ELLWOOD It goes both ways, too. I started as an editor, and it was my own decision to step up and say I really want to [direct]. We need someone willing to have the faith that we can pull it off. But a lot of it has to do with us, too. We have to take the first step and take the initiative.

BLOOM I remember being told early on that women are great organizers, that I was a great [associate producer, which is a junior position in the industry]. But other things require a bit more, you know, balls.

FOSTER I've trained a lot of young producers over the years, and when I train women in particular, I'm like, "Don't expect anyone to invite you to do anything. You have to ask; and often it's asking in a way that's really telling. And there's an art to it. But you are going to have to make this happen for yourself." It took me a long time to figure that out.

THE LANDSCAPE

How has Peak TV affected the market for documentary?

FOSTER Everyone wants docuseries. I have mostly done features, and that's how I think of [the Clinton] series. But, no, it's actually six separate episodes. But the rise of the docuseries is huge.

OFFMAN The Jinx and Making a Murderer and our series Dirty Money were among the first. Audiences are turning up in droves, so there is a huge demand.

SUH You don't have to go to Film Forum or any other art house theater to see a doc now.

ELLWOOD Sometimes, though, the whole series idea has a downside too. If you've got a really good idea that warrants a feature documentary but not a series, it's much more difficult now. Like Laurel Canyon has taken two years [to get off the ground]. Everybody wants series.

OFFMAN The financing mechanism is different. A series can be commissioned at one network and features often have to be parsed together with multiple financiers.

Michael Moore has a new film premiering at Toronto. He appears in his films. Morgan Spurlock also was known for this. Why do think that it's men who do these kinds of films?

OFFMAN Yeah, that's interesting. I can't think of one example with a woman. It's like stunt filmmaking.

SUH But there are only a handful of men who are well known for that. It's not like there is a huge amount of them.

BLOOM If you're a woman, you have to be like drop-dead attractive to do that, otherwise nobody is going to watch you.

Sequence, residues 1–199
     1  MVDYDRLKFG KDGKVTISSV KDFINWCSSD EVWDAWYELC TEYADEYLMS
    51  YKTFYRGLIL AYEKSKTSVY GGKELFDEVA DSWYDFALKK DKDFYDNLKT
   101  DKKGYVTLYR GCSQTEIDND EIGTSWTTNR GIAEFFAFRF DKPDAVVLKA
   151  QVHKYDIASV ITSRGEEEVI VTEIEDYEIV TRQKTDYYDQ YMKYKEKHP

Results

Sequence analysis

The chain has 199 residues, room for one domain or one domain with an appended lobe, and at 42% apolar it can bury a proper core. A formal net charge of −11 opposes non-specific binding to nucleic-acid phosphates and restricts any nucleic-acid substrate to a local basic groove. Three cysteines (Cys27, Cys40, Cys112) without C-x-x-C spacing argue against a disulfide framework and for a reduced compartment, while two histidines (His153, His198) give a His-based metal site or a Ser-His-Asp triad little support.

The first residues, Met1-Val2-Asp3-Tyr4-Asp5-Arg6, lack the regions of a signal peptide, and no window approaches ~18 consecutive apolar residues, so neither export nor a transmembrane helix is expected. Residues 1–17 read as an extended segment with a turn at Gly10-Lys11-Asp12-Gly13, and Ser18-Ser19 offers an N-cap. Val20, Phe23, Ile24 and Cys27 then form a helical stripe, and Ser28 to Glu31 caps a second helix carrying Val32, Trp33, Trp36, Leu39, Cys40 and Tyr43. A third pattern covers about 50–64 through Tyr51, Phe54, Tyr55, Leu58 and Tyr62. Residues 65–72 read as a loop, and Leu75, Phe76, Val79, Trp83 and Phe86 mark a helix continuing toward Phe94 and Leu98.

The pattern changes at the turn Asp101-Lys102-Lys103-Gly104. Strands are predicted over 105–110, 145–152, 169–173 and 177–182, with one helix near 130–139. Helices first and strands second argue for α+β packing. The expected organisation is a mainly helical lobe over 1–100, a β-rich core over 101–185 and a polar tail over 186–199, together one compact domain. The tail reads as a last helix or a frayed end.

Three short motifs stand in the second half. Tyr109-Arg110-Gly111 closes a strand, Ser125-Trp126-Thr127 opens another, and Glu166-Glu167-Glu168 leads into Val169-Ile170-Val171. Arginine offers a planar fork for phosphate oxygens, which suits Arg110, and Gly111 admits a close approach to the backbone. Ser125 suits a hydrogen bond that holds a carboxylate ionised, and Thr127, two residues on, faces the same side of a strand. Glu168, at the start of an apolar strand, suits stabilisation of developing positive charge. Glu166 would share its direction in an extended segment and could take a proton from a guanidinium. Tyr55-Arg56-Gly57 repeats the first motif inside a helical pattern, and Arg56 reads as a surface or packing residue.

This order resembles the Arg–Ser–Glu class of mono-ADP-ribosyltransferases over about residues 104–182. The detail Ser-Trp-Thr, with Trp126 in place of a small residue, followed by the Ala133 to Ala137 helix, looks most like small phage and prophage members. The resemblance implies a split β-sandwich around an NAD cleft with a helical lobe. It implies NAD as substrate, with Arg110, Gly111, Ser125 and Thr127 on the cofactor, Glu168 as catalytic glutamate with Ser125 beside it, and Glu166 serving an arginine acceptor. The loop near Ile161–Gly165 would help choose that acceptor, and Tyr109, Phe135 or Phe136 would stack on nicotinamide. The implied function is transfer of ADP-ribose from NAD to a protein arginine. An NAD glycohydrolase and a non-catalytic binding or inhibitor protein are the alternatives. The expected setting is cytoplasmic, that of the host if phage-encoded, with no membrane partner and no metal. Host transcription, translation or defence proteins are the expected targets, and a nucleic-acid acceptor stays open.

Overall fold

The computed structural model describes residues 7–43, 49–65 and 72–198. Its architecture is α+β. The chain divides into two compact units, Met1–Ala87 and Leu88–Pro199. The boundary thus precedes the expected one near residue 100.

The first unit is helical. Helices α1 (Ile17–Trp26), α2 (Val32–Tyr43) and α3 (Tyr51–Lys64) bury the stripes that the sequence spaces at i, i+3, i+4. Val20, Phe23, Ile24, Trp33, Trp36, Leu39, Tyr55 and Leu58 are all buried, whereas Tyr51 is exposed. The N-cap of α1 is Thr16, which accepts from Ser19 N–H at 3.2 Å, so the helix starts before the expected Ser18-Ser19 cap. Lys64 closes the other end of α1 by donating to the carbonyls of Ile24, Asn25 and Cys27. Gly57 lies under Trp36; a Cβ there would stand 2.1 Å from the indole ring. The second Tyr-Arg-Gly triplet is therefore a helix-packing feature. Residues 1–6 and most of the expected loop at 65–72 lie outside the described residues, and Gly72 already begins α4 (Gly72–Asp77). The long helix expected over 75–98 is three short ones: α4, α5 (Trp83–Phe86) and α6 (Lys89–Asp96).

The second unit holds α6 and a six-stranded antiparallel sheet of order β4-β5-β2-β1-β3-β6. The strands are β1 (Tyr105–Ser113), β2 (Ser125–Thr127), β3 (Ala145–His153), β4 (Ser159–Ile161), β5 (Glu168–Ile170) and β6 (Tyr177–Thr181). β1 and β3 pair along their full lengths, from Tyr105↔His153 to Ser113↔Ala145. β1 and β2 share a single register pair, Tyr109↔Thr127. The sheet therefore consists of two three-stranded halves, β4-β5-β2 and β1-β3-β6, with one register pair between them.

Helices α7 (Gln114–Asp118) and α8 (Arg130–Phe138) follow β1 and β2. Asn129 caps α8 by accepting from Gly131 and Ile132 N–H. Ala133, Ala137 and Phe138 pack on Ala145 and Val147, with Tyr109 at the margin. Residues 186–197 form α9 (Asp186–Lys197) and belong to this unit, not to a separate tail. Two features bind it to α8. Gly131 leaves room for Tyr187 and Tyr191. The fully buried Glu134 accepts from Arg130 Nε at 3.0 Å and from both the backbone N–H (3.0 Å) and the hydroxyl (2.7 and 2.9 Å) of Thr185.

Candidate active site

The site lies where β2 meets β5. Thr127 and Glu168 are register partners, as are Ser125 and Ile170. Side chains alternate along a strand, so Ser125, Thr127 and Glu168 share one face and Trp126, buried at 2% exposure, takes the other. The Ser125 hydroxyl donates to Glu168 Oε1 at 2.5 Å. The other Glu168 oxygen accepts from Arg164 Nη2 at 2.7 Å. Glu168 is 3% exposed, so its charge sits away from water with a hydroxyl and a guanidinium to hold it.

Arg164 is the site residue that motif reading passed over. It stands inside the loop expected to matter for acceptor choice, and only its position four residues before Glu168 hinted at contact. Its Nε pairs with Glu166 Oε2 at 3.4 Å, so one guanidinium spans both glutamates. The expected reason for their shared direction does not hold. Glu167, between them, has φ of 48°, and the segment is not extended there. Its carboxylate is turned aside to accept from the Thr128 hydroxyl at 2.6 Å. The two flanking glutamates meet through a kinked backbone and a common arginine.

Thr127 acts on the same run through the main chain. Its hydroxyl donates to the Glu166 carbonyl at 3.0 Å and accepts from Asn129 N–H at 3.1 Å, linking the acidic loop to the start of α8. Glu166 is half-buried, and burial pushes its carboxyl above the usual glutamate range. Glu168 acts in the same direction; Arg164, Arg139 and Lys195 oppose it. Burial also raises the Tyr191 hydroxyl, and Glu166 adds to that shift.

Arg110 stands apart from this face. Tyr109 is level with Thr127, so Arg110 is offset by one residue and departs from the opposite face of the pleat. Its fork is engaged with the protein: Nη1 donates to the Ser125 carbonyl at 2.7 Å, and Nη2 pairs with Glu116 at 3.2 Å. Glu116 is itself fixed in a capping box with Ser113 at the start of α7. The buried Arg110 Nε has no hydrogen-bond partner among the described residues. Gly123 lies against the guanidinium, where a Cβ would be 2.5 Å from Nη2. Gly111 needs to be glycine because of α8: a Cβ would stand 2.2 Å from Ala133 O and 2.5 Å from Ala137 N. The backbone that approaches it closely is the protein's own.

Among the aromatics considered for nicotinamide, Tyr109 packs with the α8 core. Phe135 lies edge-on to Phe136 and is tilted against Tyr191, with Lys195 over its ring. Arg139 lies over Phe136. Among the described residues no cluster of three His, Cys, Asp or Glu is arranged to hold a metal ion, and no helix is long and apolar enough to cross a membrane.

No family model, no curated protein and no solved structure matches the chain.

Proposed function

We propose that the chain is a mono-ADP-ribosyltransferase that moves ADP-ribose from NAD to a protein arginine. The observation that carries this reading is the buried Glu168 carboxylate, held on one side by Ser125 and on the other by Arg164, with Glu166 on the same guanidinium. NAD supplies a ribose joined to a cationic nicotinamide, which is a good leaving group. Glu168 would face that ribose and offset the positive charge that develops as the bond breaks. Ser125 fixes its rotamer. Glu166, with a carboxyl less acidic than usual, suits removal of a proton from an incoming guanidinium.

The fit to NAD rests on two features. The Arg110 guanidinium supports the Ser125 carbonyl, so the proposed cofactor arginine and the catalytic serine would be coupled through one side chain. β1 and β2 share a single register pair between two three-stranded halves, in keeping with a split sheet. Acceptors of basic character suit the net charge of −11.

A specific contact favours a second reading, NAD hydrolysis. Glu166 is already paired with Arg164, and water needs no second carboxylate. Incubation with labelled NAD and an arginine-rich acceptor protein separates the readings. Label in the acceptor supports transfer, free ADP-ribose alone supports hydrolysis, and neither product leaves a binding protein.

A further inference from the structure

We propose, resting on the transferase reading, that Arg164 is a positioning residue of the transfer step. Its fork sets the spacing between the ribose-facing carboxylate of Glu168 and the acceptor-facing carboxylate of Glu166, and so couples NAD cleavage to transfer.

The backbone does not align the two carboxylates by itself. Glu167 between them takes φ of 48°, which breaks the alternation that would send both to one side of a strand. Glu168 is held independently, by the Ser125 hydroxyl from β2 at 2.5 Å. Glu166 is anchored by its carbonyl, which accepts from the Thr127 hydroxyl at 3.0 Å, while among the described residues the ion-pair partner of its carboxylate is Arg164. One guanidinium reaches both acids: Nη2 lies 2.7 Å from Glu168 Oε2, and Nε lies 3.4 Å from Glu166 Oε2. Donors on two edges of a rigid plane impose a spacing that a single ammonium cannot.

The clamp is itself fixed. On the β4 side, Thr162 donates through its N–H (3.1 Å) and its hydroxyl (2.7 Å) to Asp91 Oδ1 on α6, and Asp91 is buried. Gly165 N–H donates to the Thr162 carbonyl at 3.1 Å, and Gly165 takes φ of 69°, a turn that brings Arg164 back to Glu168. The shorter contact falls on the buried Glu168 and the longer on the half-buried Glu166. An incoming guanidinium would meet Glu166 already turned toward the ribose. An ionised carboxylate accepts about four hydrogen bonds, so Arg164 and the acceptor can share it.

What has been Moore's influence on documentary?

OFFMAN He's certainly a rabble-rouser. He's tapping into anger or fear.

SUH And his first films were the first films like that, so he was a pioneer. And I have to say, having interviewed him for The 4%, everything he said was an amazing sound bite. He does have a charisma that really pops.

OFFMAN He's a big supporter of female filmmakers. Many of the films in his Traverse City Film Festival are female-directed docs. He describes himself as a feminist. He was running women across the border getting abortions back in the day.

Did it ever occur to any of you to insert yourself into a film?

ELLWOOD It's a certain type of ego that wants that.

SUH I'd rather kill myself.

ABSURD NOTES

Without naming names, tell me the worst note you've ever received.

BLOOM I remember filming about New Guinea and sending a tape back to the production company in the West Village and the executive there saying, "Could we find people with better teeth? Because the American audience isn't going to like their teeth."

FOSTER I work on many projects with high-end talent, and the amount of money I've had to spend making them look the way they want to look … it's a lot of money. Those are the notes I remember, but I can't talk about any of them.

OFFMAN I remember from way back [an executive] had written, "What is broll?" Which is B-roll, which is just a very ubiquitous term in documentary filmmaking.

SUH We were following an Oscar-winning director for three days, kind of like slice-of-life, and he already won the Oscar. The network asked us to have him pretend he hadn't yet won the Oscar and speak with great anticipation about his excitement about the upcoming Oscars. And we just said, "We really can't do that."

DOWLAND Does a FOIA [request] qualify as a note? Because on Zero Days [about the Stuxnet virus that crippled Iran's nuclear program], a long time after the film had premiered we finally got a response to a FOIA [request]. It was a thick document and every single thing in it was redacted — like every single thing.

This story first appeared in the Sept. 5 issue of The Hollywood Reporter magazine. To receive the magazine, click here to subscribe.